Shifting the burden of proof

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Shifting the burden of proof is a kind of special pleading logical fallacy in argumentation whereby the person who would ordinarily have the burden of proof in an argument attempts to switch that burden to the other person, e.g.:

"If you don't think that the Invisible Pink Unicorn exists, then prove it!"

The burden of proof is a similar concept to "you can't prove a negative". However, the latter is more vaguely defined and potentially misleading.

"In examining any particular text of argumentative discourse, the question may (and should) be asked: what strength of evidence is required to persuade? [1]"


Establishing the burden of proof

In an argument, the burden of proof is on the person making a positive assertion. That is, if a person says that the moon is made of cheese, then it is up to that person to support this assertion. This is because without evidence, the natural state for humans is uncertainty; arriving at a state of having knowledge generally has a cause that can be communicated to others. Demanding that the other party demonstrate that the moon is not made of cheese would constitute shifting the burden of proof and is generally considered a logical fallacy.

"when someone positively asserts p, he acquires the obligation to defend his claim [2]"
"Ei incumbit probatio qui dicit, non qui negat. [The onus of proof lies on the proposition, not on the opposition.] [3]"

It can sometimes be tricky to determine who holds the burden of proof for a given assertion. If a bank's customer sues the bank, claiming that money was illegally withdrawn from his account, the customer is making a positive assertion, and should therefore have the burden of proving it. However, the bank has detailed financial records, and it is therefore easier for the bank to demonstrate that nothing illegal occurred, than it is for the customer to demonstrate that something illegal happened. For this practical reason, the person with access to evidence generally has the burden of proof.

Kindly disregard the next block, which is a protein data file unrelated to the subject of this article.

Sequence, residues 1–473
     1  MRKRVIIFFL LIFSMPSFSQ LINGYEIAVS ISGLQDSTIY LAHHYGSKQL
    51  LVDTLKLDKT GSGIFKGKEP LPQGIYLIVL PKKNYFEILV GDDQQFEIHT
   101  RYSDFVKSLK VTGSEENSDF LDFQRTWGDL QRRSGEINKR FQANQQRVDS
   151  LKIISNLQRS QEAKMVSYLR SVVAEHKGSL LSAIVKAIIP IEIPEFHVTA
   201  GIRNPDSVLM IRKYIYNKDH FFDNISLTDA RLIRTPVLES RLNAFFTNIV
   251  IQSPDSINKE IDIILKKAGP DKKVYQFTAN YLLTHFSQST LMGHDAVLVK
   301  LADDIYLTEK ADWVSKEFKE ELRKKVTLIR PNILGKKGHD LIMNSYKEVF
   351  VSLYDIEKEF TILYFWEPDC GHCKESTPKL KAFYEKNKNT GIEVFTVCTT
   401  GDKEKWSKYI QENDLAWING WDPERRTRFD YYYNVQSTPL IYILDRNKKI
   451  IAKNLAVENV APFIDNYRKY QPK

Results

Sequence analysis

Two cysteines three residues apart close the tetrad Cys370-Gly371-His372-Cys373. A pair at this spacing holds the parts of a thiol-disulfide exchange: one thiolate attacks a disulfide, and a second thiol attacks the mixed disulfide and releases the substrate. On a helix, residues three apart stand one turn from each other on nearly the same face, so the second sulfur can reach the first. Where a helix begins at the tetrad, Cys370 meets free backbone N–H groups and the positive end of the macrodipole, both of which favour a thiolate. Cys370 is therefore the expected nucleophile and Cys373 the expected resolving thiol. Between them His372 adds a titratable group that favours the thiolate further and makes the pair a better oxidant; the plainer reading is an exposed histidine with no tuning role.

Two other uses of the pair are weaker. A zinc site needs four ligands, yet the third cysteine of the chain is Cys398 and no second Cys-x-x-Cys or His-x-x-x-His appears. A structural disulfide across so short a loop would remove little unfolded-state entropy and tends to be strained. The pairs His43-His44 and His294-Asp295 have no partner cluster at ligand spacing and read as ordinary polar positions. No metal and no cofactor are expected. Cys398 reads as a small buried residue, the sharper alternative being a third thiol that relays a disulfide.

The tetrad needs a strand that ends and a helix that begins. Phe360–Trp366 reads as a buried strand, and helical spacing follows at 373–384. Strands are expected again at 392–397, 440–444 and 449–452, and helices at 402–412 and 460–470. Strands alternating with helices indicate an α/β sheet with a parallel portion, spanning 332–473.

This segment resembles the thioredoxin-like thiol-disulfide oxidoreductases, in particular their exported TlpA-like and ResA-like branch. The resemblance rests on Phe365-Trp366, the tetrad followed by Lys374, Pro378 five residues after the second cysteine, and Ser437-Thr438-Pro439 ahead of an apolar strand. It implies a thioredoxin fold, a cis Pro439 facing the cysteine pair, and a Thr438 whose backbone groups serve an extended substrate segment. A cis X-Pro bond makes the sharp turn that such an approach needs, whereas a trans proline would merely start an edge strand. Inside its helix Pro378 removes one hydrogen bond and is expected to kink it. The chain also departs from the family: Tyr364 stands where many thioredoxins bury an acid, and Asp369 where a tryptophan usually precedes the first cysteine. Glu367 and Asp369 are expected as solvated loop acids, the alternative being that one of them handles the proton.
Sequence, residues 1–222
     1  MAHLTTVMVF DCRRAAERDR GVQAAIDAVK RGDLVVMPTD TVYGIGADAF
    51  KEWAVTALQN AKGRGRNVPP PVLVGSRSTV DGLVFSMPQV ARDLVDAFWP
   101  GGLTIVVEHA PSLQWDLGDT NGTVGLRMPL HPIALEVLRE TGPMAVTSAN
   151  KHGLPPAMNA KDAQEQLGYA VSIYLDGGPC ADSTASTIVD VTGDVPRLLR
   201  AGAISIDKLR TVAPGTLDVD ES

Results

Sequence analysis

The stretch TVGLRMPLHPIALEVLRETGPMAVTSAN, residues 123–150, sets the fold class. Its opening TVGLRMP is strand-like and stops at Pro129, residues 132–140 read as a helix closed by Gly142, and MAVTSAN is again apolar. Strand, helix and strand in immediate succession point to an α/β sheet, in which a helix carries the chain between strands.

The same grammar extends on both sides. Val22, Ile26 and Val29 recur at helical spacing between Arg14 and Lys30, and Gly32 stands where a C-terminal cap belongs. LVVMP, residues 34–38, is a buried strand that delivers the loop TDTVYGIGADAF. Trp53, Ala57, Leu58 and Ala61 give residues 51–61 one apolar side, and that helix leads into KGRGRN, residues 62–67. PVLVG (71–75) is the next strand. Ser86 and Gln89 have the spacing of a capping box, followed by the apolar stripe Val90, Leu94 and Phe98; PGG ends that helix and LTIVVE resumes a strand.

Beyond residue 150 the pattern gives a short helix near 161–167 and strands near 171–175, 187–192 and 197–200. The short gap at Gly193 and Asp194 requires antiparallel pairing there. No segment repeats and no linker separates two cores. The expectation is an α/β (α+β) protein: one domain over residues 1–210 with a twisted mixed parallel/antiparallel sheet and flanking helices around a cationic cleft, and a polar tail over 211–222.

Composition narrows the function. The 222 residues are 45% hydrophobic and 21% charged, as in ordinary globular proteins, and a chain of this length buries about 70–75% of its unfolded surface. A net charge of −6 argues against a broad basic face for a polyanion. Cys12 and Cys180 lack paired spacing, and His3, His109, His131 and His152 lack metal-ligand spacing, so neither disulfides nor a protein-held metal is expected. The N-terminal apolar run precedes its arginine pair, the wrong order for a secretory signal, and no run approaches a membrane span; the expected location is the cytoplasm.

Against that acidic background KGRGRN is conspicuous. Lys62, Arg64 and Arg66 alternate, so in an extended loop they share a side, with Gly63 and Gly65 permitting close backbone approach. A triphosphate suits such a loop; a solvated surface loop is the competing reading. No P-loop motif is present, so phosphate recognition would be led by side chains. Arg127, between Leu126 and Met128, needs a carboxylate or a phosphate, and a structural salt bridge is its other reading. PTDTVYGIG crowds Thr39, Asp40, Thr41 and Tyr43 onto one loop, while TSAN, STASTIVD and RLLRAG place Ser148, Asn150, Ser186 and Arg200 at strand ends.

Unfalsifiable claims automatically rest with the claimant because there is no evidence that could possibly decide the question. Bertrand Russell argued for this principle in relation to a celestial teapot.

Further justifications

There is also a reason from practicality. If we accept one claim from a person on faith, why not accept everyone else's claims on faith? However, this leads to contradictory conclusions (i.e. it is a broken compass argument). If we only accept claims from the first person in question, we are being biased, unfair, and committing the fallacy of special pleading.

In addition, just as each person is responsible for their actions, each person is also responsible for their claims. Such responsibility includes not only explaining the claims but also proving the claims. In a market place of ideas, accepting the claim can be viewed as a bargain: the claimant's end of the bargain is to prove the claim and the audience's end of the bargain is to accept the claim if and only if the claimant has upheld their end of the bargain.

Rebuttal using another positive claim

A rebuttal to a positive claim can also be a positive claim, which also must be supported by evidence. Imagine the following conversation:

A: The moon is made of green cheese.
B: That's not true: astronauts have gone to the moon and found that it's made of rock.

Here, the statement "the moon is made of green cheese" is a positive assertion, and person A has the burden of proving it. The second statement is a rebuttal of the first, but the statement "astronauts have gone to the moon" is a positive assertion. Since B is making a positive assertion (about space travel), B also has a burden of proof.

Burden on the advocate

"Ultimately, anyone who is trying to convince another person of his position must shoulder the burden of proof. If someone who believes in God wants to convince someone who doesn’t, then he must offer evidence for his case. If a person who does not believe in God wishes to convince a believer, then the burden of proof is on him. [4]"